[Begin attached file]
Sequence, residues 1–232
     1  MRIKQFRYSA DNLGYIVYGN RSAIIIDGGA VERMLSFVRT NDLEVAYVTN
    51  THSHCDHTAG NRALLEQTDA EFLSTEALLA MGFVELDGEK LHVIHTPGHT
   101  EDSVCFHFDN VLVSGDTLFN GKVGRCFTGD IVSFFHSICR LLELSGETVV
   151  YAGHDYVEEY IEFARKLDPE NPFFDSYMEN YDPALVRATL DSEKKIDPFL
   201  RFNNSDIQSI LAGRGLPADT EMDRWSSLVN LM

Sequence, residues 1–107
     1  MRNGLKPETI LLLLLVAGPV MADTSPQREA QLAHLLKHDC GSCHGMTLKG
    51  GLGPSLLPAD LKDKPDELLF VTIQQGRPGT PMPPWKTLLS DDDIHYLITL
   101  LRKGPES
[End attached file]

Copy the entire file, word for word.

Sequence, residues 1–232
     1  MRIKQFRYSA DNLGYIVYGN RSAIIIDGGA VERMLSFVRT NDLEVAYVTN
    51  THSHCDHTAG NRALLEQTDA EFLSTEALLA MGFVELDGEK LHVIHTPGHT
   101  EDSVCFHFDN VLVSGDTLFN GKVGRCFTGD IVSFFHSICR LLELSGETVV
   151  YAGHDYVEEY IEFARKLDPE NPFFDSYMEN YDPALVRATL DSEKKIDPFL
   201  RFNNSDIQSI LAGRGLPADT EMDRWSSLVN LM

Sequence, residues 1–107
     1  MRNGLKPETI LLLLLVAGPV MADTSPQREA QLAHLLKHDC GSCHGMTLKG
    51  GLGPSLLPAD LKDKPDELLF VTIQQGRPGT PMPPWKTLLS DDDIHYLITL
   101  LRKGPES